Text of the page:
A third of reef-building corals threatened with extinction: scientists

Yahoo News 10 Jul 08;

A third of reef-building corals worldwide are threatened with extinction due to climate change and water pollution, according to the first global assessment on the marine creature by 39 scientists.

Destructive fishing and the degradation of coastal habitats also posed threats, said the study published Thursday involving the International Union for Conservation of Nature (IUCN) and Conservation International.

"The results of this study are very disconcerting," said Kent Carpenter, lead author of the study which examined 845 coral reef species.

"When corals die off, so do the other plants and animals that depend on coral reefs for food and shelter, and this can lead to the collapse of entire ecosystems," he added.

Roger McManus from Conservation International said that reef-building corals in particular were "most vulnerable to the effects of climate change".

Sea temperature rises bleach and weaken the algae that give the underwater sea life its vibrant colour, and make it more susceptible to diseases.

As they are home to over 25 percent of marine species -- including fish stocks -- loss of reefs could also impact coastal fishing communities.

"The loss of the corals will have profound implications for millions of people who depend on coral reefs for their livelihoods," said McManus.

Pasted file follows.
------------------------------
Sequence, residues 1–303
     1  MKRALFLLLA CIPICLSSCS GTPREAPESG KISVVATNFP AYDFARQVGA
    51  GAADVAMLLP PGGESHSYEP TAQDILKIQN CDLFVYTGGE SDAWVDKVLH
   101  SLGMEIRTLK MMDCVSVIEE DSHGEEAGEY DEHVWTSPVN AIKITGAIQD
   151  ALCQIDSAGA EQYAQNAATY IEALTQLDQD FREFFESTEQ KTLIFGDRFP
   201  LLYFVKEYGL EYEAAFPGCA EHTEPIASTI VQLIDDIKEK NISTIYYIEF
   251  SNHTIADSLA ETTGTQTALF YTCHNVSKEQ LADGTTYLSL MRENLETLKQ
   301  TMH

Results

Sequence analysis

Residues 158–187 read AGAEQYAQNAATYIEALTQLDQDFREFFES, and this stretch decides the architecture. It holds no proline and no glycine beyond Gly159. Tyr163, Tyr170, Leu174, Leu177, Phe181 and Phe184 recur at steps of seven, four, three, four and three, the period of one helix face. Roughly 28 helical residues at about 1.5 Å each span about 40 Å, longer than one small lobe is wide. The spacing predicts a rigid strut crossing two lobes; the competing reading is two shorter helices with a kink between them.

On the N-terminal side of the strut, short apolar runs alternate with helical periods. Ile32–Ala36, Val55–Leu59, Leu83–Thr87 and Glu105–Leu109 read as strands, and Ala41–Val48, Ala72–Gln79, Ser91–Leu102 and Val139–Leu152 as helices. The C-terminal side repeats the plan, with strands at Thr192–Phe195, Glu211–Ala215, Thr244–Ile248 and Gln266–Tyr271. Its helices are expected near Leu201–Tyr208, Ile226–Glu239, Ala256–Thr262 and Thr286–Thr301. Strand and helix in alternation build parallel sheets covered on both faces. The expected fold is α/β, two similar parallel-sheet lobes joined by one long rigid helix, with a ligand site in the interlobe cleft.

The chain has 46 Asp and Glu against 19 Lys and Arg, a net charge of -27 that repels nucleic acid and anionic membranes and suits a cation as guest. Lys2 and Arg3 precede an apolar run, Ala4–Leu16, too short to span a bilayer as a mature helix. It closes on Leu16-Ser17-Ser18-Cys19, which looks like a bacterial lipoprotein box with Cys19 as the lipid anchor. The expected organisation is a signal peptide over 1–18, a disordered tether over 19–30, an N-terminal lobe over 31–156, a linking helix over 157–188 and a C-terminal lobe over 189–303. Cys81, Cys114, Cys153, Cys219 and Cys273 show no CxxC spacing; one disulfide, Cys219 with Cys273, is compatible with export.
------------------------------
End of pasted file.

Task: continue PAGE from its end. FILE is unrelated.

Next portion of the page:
According to the study, the Caribbean region has the highest number of highly threatened corals.

Due to huge human populations in the region, the Indo-Malay-Philippine archipelago also has the highest proportions of vulnerable and almost threatened species in the Indo-Pacific.

"We either reduce our CO2 emission now or many corals will be lost forever," warned Julia Marton-Lefevre, IUCN Director General.

'Alarming' plight of coral reefs
Richard Black, BBC News 10 Jul 08;

A third of the world's reef-building coral species are facing extinction.

That is the stark conclusion from the first global study to assess the extinction risks of corals.

Writing in the journal Science, researchers say climate change, coastal development, overfishing, and pollution are the major threats.

The economic value of the world's reefs has been estimated at over $30bn (£15bn) per year, through tourism, fisheries and coastal protection.

"The picture is frightening," said Alex Rogers from the Zoological Society of London, one of 39 scientists involved in the assessment.

"It's not just the fact that something like a third of all reef-forming corals are threatened, but that we could be facing the loss of large areas of these ecosystems within 50 to 100 years.

"The implications of that are absolutely staggering - not only for biodiversity, but also for economics."

The analysis shows that reef-building corals are more threatened than any group of land-dwelling animals except amphibians.

'Incredible' destruction

The most dramatic decline in recent years was caused by the 1997/8 El Nino event, which caused waters to warm across large swathes of the tropics.

When water temperatures rise, coral polyps - tiny animals that build the reefs - expel the algae that usually live with them in a symbiotic relationship.